The first UK workshop on amateur support for the Twinkle/ARIEL space missions
2017 January 22
Despite the difficulties of an Underground tube strike in London that happened to coincide with the day, 27 keen participants reached Burlington House and took part in this most stimulating workshop, six others having had to cancel. Its purpose, as the first of hopefully many similar workshops in the future, was to explore the scope for amateur support of two space satellite missions, Twinkle and ARIEL, that are designed to characterise exoplanets orbiting nearby stars. In particular, it is envisaged that useful ground-based observations of target stars brighter than V= 11.5 can be carried out using modest-sized telescopes equipped with CCD cameras. The afternoon workshop was held in the Council Room and Lecture Theatre of the RAS in Burlington House, and Richard O’Sullivan and Madeleine Davey kindly organised refreshments for us all.
Twinkle is an independent UK-based space mission to characterise the atmospheres of around 100 hot, bright exoplanets observed from Earth orbit. The mission is led by University College London and Blue Skies Space Ltd. It will be built by Surrey Satellite Technology Ltd and involves a consortium of over 15 institutions across the UK – if funding is achieved, it is scheduled for launch in 2019. ARIEL is a more ambitious exoplanet mission in which observations are planned from the Lagrangian L2 position in space, due for launch about 2026.
Section Directors Roger Pickard and Dr Richard Miles represented the Association and most of the amateurs who attended were BAA members, including a student at Cambridge studying Natural Sciences. We also had the company of four members of staff and a PhD student from UCL’s Department of Physics and Astronomy, and two other astronomy-related professionals.
Prof Jonathan Tennyson opened the workshop by way of an introduction to the concept of Twinkle, which theme was developed further by Prof Giovanna Tinetti. Dr Giorgio Savini, who is also the current Director of UCL’s Astronomical Observatory in Mill Hill, rounded off the presentation about the ambitious Twinkle space observatory.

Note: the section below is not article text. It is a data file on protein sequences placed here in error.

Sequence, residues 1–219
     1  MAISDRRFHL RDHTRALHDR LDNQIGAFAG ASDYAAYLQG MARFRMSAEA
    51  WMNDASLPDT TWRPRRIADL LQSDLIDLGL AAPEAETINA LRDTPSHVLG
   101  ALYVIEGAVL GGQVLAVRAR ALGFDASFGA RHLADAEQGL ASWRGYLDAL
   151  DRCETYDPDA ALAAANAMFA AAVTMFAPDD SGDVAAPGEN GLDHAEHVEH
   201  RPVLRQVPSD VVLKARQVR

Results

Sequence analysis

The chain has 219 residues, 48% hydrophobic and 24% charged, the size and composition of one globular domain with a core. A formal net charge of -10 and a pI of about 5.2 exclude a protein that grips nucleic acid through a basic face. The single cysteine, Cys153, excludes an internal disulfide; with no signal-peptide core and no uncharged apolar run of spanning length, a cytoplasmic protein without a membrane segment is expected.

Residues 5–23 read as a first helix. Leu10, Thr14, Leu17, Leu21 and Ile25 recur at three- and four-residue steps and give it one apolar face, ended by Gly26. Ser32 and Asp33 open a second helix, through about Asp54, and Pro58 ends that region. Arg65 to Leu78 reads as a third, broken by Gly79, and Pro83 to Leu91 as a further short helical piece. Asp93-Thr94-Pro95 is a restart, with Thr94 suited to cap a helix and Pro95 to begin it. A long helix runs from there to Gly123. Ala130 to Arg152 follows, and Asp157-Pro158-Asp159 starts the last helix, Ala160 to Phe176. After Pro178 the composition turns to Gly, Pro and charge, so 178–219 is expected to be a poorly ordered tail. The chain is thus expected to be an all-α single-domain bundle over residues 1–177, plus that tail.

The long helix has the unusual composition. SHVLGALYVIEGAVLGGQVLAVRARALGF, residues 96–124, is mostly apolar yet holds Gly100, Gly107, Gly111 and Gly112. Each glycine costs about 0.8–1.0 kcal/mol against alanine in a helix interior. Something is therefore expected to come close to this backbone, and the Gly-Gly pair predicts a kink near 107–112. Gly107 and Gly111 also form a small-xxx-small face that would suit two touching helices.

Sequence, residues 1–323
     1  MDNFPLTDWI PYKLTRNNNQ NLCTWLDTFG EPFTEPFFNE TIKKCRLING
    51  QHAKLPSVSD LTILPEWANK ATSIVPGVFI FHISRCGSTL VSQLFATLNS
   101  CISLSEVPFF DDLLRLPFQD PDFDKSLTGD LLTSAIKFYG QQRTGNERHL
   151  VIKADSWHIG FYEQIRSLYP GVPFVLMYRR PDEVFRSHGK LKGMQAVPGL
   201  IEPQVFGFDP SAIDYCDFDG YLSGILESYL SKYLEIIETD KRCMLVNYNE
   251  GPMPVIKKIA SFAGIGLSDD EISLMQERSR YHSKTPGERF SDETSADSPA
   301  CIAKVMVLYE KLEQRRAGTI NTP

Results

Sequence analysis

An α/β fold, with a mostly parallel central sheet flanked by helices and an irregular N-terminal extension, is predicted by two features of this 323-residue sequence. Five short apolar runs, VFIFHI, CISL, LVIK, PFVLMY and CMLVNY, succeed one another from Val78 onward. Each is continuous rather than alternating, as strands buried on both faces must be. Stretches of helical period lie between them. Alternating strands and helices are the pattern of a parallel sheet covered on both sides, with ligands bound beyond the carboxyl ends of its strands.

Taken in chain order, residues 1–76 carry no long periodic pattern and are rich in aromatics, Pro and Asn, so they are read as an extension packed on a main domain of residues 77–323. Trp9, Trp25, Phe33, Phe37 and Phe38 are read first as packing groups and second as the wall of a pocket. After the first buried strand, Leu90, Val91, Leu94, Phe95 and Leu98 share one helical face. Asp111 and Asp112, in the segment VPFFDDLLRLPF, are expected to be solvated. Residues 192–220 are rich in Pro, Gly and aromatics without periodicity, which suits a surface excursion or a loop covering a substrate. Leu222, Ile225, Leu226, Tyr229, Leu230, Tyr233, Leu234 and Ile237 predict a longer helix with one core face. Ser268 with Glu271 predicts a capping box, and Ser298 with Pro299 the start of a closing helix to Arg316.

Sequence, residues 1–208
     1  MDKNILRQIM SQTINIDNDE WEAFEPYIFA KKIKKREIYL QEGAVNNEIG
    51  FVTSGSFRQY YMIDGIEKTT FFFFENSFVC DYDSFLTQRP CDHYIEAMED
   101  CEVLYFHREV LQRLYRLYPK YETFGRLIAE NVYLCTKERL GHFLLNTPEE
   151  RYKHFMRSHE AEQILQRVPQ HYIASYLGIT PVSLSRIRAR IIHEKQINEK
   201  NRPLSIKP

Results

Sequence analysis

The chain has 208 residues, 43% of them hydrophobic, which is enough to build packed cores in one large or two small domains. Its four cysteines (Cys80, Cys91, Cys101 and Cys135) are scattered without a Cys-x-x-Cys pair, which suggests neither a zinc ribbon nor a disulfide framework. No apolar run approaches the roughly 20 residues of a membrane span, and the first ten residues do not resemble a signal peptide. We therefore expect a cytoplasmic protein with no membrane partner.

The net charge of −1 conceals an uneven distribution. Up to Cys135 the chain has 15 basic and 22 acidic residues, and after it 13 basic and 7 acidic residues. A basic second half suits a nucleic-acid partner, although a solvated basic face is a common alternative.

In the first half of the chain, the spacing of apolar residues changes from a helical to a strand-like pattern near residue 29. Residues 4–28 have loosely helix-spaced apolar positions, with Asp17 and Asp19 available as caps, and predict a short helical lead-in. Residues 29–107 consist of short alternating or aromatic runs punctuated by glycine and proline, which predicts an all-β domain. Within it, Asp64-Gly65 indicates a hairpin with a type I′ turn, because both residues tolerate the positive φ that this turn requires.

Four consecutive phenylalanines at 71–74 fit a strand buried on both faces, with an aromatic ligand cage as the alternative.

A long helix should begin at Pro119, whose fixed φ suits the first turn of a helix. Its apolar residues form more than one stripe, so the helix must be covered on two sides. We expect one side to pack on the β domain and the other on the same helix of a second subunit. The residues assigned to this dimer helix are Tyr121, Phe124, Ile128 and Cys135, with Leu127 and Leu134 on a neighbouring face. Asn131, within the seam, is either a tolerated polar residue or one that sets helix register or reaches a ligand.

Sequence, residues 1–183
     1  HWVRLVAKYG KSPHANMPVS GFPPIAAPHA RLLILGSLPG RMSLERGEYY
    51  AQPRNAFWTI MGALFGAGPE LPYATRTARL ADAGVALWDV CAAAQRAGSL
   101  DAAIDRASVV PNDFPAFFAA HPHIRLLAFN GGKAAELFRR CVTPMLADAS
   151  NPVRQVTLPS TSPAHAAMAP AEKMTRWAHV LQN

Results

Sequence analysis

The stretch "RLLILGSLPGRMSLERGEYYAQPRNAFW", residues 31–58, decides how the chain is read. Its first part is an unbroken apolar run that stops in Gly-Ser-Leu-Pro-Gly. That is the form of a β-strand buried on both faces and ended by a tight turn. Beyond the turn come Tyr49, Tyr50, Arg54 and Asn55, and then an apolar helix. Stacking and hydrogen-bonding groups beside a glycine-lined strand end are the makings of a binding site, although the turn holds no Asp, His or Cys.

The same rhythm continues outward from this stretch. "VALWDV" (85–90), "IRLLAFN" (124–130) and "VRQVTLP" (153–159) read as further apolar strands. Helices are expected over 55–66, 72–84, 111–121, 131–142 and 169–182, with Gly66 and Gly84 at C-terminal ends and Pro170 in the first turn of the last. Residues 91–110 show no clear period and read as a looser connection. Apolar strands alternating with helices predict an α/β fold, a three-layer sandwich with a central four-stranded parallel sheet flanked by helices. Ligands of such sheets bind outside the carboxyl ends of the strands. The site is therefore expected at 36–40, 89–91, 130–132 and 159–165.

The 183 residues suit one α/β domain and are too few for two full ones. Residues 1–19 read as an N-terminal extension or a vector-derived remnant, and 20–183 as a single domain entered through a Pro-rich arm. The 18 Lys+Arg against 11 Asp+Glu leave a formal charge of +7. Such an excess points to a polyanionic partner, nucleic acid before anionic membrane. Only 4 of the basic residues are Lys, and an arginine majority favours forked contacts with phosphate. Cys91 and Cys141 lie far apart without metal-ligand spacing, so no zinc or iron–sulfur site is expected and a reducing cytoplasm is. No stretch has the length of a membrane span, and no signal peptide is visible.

Roger Pickard and Richard Miles gave short talks illustrating what has been possible by way of photometry by amateurs in the recent past (see for example Darryl Sergison’s paper ‘High precision photometry: Detection of exoplanet transits using a small telescope’ published in BAA Journal Vol.123, No.3, pp. 153-156).
Anita Heward, Communications Manager for the Twinkle mission and Press & Outreach officer for the Europlanet 2020 RI (Research Infrastructure) described lessons learned from Europlanet workshops and the ground-based campaign in support of the Rosetta mission to Comet 67P/C-G, and how some of these may be usefully applied to Twinkle. At some point in 2017, it is hoped that a 2-day Europlanet Workshop will enable many more amateurs from countries across Europe to also become involved in ground-based observations. Dr Marco Rocchetto, an R&D engineer at Konica Minolta rounded off the formal talks with an account of the futuristic Connected Telescope Project.
Following afternoon tea, we were able to discuss as a more informal group the first steps in facilitating a worldwide community of amateur observers dedicated to exoplanet transit studies, and to sketch out plans for the next few meetings needed to progress matters. As well as BAA involvement, we would like to encourage any interested parties whether individuals or other organisations in the UK and beyond to get involved in the Twinkle/ARIEL initiative. If you are interested then do please contact either of the undersigned or consult the ARPS Section website at http://britastro.org/asteroids
Richard Miles, Director, Asteroids & Remote Planets Section
Roger Pickard, Director, Variable Star Section